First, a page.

Skip links and keyboard navigation

Incident response set up following confirmation of Brisbane hotel cluster

13 January 2021

The Queensland Government has initiated an urgent incident response after genomic sequencing of six previously identified Covid-19 cases indicated they were linked.

Chief Health Officer Dr Jeannette Young said six patients – all with the Covid-19 UK variant – had been linked by genomic sequencing.

All six cases are linked to the Hotel Grand Chancellor in Brisbane.

“The genomic sequencing suggests there is a common source of the virus for all six of these patients,” Dr Young said.

“That is new information – we received the results of the last test at 10.30pm last night – but it’s information we must act on.

“This morning we are putting in place a range of extra measures for people associated with quarantine in this hotel to help reduce any risk of spread.”

Dr Young said swift action meant there was no current need to change restrictions in Greater Brisbane or around Queensland.

The six cases include:

  • A man in his thirties who arrived from the UK on December 30.
  • His partner – a woman in her thirties who arrived from the UK on December 30.
  • A hotel cleaner in her twenties.
  • Her partner – a man in his twenties.
  • A man in his forties who arrived from Lebanon on January 1.
  • His daughter – a woman in her twenties, who arrived on January 1.

“There are two parts to this that we need to address – the incident response and the epidemiological mystery behind the source.

“Work on both is vital but the immediate incident response is critical,” Dr Young said.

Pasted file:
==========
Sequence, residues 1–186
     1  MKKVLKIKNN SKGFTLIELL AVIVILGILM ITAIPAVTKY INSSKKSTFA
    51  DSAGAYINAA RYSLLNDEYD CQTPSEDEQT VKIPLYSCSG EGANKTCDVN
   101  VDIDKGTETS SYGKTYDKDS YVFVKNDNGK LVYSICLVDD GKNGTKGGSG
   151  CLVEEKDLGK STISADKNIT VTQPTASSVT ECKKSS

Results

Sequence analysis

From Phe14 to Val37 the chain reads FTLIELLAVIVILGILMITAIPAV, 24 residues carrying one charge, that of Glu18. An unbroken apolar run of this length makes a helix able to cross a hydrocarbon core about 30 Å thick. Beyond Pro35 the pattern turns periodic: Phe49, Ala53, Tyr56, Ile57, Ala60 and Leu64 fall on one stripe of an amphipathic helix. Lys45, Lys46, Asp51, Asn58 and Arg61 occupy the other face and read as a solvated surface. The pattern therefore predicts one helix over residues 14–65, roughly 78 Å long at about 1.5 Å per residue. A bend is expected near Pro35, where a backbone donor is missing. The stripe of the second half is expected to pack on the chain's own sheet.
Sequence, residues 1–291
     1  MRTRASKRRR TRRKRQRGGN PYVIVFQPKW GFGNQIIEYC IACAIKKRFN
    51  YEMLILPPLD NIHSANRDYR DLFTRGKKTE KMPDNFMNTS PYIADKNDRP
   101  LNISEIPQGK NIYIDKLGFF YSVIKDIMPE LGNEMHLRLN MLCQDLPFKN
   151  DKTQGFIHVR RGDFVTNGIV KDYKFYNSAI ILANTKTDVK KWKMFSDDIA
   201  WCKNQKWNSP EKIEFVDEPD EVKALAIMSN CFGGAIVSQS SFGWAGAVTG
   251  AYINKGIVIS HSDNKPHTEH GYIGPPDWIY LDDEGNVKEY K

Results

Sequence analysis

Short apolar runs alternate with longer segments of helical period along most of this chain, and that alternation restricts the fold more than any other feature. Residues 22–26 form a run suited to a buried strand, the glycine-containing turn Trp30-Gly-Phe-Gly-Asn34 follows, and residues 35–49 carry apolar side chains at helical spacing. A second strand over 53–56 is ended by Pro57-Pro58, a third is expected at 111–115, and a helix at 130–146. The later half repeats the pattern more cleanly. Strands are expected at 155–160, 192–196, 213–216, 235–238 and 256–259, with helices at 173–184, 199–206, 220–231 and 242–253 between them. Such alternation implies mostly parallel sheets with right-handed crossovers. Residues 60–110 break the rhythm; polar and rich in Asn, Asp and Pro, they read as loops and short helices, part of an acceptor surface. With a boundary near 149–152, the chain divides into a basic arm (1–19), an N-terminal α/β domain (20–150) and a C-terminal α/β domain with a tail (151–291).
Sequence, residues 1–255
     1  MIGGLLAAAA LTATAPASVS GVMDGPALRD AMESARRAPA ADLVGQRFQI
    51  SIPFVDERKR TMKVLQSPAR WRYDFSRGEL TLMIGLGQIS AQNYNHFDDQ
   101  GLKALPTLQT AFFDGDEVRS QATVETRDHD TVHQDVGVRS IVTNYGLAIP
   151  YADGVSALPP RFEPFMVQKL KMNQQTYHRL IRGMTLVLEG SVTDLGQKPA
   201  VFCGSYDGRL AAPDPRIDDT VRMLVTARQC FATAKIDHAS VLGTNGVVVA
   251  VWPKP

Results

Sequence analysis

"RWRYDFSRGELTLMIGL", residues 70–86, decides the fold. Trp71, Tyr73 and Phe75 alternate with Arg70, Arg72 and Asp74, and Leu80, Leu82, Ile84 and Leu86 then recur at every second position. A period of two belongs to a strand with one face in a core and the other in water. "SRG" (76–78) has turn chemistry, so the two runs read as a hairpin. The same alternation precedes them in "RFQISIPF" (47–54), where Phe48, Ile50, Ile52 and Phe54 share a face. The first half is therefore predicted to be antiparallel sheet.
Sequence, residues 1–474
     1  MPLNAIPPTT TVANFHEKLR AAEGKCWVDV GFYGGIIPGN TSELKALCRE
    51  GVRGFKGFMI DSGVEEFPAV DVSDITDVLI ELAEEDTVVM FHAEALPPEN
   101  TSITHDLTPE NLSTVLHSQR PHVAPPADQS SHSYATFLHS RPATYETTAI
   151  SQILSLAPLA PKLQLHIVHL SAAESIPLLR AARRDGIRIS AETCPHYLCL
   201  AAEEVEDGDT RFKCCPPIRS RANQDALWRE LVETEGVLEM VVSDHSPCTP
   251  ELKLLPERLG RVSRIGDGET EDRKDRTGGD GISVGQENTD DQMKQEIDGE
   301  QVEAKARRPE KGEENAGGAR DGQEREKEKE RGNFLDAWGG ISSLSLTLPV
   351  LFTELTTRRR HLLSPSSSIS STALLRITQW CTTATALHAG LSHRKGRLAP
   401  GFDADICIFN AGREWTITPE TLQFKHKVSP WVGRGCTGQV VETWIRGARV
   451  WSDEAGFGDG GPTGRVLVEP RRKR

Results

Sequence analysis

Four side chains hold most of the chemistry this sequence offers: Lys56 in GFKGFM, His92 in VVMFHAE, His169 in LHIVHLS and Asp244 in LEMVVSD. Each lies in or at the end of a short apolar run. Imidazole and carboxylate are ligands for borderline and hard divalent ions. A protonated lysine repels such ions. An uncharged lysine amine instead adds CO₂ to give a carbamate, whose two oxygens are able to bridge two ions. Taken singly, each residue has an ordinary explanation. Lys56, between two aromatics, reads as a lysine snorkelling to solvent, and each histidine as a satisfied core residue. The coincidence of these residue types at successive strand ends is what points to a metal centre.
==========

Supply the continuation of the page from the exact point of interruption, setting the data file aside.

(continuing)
Starting today all 129 guests in the hotel will be retested and moved to another quarantine facility.

A total of 226 people who worked at the hotel since December 30 will be asked to quarantine for 14 days since they last worked in the hotel, and be tested.

“All 250 people who have left the hotel since December 30 and remain in Queensland are being contacted – with those in Queensland required to quarantine and again be tested.”

“There is no evidence at this stage that the hotel or any of its staff have done anything wrong,” Dr Young said.

“And I want to compliment hotel management for their level of cooperation.

“It’s important we understand the link. It’s a mystery we need to solve.”

The investigation into how the virus breached quarantine protocols is being led by Queensland Police and is continuing.

Dr Young said she apologised for the disruption the incident response would cause.

“Throughout this pandemic we have acted with an abundance of caution, which is what we are doing today,” Dr Young said.

“I want to say to the guests currently in the hotel and the staff that their safety and wellbeing is our key priority.

“We don’t have evidence of any specific issue – we are doing this out of caution.”

A number of actions have taken place at the hotel since the cleaner tested positive on January 6, including:

  • No new guests have entered the hotel since January 7.
  • A small number of Queensland Police Service, Australian Defence Force, hotel staff and Queensland Health staff who had contact with the cleaner immediately went into quarantine.
  • A review of infection control measures in place in the hotel occurred on January 8,
  • Increased cleaning measures, including a deep clean of communal areas on January 12 of the floor the four guests stayed on.
  • Extra hand hygiene stations and extra areas for putting on and removing PPE established.

Dr Young said once identified, Queensland would be providing a list of all guests with interstate or overseas home addresses, who had left the hotel, to relevant authorities.


Last updated: 13 January 2021